How to Take a Car Back to the Dealership

by FaithAnn Marie

When purchasing a car, there is always a risk you may have to take your car back to the dealership--especially if there are defects having an impact on the car's reliability or safety. New cars are protected by the lemon law, but what about used cars? There are steps you can take as a consumer to protect your rights, resolve the issue and successfully return the car.

Read your warranty regarding where repairs are to be made and if you need to contact the dealership regarding the repair. Warranties can be considered invalid if you knowingly or unknowingly breech the contract signed at the time of purchase.

Contact the repair shop and describe the issue. Mention any maintenance lights that are on, any noises or other issues the car is having. After the repair is completed, save the records.

Contact the repair shop if the same problem persists or if a new one arises. Describe the problem using the same wording as the first call. Typically, if a new car is brought in for repair four times for the same issue, the car qualifies as a lemon.

Visit (see Resources) to learn about the lemon law and to find out if your car qualifies as a lemon according to state law.

Talk to the manager at the dealership where your car was purchased. Bring copies of the records and printouts of the state lemon law. Calmly discuss the issues you have had, the attempt at repair and the results up to that point. State how you would like to return the car to the dealership for a refund, exchange or substitution.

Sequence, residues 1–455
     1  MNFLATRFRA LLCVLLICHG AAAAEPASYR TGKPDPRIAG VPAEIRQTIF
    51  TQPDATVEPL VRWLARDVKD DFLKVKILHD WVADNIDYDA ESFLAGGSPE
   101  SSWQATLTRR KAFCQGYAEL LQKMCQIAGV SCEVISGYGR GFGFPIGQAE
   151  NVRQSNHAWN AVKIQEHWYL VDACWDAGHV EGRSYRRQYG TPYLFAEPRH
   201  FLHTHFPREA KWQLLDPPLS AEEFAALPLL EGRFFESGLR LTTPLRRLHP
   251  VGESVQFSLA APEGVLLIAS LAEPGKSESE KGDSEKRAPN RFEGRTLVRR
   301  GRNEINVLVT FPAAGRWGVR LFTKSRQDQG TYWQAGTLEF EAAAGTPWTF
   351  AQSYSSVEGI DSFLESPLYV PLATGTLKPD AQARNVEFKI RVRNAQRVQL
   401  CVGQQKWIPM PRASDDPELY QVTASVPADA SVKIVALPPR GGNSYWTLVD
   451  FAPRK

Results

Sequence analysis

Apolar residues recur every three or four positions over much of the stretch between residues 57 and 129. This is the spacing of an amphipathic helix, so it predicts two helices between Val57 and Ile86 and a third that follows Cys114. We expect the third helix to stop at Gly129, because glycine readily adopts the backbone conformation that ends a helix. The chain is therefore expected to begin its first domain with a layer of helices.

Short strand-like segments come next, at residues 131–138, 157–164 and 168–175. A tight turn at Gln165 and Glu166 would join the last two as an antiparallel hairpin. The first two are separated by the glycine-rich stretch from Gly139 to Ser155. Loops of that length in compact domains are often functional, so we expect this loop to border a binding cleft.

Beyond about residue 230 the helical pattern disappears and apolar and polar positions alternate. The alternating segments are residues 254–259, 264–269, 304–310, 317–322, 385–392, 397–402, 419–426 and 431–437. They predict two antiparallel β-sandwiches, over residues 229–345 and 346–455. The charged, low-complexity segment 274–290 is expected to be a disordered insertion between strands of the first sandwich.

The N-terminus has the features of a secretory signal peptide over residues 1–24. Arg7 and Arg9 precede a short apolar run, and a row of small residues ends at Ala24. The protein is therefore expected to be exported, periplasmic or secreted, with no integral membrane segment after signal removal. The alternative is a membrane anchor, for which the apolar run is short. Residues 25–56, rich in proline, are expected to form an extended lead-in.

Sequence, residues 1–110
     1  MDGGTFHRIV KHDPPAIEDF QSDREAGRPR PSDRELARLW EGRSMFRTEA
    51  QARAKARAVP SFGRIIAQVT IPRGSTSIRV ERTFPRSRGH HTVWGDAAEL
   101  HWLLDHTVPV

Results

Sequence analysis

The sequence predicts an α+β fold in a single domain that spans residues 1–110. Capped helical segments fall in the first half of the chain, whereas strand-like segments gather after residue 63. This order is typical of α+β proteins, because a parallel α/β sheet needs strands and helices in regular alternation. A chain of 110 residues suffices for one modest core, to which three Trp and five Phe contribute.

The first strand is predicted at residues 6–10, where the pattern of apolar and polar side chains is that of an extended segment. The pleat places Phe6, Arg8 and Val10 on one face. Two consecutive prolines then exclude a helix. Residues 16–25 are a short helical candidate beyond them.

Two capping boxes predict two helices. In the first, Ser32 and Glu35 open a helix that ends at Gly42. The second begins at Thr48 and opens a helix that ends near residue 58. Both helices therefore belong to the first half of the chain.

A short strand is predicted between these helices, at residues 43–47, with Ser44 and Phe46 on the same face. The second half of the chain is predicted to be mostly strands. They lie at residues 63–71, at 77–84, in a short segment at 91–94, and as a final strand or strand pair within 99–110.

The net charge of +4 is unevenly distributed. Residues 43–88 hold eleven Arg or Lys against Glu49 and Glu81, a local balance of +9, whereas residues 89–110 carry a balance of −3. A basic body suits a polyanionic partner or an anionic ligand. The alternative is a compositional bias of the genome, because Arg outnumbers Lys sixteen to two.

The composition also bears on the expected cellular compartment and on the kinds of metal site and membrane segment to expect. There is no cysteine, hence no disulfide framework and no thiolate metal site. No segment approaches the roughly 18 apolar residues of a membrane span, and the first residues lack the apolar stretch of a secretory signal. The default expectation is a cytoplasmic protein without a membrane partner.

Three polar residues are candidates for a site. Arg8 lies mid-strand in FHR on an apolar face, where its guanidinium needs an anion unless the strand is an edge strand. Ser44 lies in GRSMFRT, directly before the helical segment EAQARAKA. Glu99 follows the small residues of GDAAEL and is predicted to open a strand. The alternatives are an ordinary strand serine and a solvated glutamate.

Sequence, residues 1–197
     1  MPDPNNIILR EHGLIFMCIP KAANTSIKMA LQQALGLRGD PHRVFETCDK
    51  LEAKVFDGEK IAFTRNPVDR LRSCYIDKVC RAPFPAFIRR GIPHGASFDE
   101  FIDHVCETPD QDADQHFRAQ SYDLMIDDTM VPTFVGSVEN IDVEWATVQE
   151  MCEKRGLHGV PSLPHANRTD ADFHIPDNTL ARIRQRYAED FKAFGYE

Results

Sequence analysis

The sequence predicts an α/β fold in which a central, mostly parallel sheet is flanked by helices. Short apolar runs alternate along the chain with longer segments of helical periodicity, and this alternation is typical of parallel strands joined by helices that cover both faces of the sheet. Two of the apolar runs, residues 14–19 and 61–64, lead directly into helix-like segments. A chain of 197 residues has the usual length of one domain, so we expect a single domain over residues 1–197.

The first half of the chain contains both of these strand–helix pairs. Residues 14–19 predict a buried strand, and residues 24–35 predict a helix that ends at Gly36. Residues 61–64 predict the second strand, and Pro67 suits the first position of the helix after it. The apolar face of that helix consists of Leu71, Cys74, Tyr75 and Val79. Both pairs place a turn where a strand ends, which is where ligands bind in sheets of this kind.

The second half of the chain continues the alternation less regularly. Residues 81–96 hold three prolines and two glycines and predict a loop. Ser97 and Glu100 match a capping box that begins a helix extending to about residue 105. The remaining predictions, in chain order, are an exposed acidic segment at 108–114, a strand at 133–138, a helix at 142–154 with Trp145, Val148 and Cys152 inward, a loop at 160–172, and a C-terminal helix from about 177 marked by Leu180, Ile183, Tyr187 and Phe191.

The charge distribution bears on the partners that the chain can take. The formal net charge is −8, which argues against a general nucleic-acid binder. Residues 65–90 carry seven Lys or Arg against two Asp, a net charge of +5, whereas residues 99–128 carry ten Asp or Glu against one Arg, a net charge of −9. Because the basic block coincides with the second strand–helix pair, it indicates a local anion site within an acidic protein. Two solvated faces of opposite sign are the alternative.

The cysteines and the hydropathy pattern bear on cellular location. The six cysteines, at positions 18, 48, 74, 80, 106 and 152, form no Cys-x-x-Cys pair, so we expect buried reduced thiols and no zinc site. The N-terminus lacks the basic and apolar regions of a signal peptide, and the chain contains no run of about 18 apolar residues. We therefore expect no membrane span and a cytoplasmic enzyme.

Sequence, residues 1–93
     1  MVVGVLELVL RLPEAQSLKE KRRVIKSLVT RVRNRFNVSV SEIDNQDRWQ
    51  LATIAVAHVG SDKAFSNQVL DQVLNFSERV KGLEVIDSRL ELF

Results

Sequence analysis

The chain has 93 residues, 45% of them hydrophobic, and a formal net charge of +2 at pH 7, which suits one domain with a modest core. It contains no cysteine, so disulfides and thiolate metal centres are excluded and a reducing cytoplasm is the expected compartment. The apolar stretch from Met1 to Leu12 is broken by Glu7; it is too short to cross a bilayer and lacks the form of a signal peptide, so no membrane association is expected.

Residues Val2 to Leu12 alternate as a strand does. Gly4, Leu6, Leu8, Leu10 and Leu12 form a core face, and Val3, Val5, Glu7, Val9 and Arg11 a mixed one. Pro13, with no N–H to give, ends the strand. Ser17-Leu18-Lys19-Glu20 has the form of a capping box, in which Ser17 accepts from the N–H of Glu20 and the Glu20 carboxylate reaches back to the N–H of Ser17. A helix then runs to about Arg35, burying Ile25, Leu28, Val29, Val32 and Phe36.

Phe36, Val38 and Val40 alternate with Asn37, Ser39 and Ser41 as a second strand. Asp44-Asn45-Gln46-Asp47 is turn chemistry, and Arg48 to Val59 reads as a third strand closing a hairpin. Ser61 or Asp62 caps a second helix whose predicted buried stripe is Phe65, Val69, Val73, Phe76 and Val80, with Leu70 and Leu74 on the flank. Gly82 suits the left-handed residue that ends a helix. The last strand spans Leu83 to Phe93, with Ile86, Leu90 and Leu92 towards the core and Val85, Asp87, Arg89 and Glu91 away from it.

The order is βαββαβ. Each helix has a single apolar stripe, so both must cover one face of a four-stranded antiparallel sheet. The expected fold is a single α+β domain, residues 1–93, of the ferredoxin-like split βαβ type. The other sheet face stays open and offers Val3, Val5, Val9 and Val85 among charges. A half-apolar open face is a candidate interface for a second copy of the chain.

• check If you are not able to make car payments, you will not be able to return the car to the dealer. Instead, you will have to contact the lending institution for resolution. Laws vary by state, but you can return a car if it is within a specific time period (usually 48 hours) after the papers are signed. Typically, used cars cannot be qualified as lemons, but may be returned to the dealership if you are faced with persistent major problems that have an impact on the car or its safety. File a complaint with the Better Business Bureau (BBB) and Consumer Affairs if you are having problems returning your car to the dealership.

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About the Author

FaithAnn Marie began writing in 2009, and her work appears on eHow and Answerbag. Her areas of expertise include health, science, computers, information management, data organization and computer networking. She is a certified phlebotomy technician and is working toward a Bachelor of Science in clinical laboratory research.

Photo Credits

  • photo_camera Serghei Starus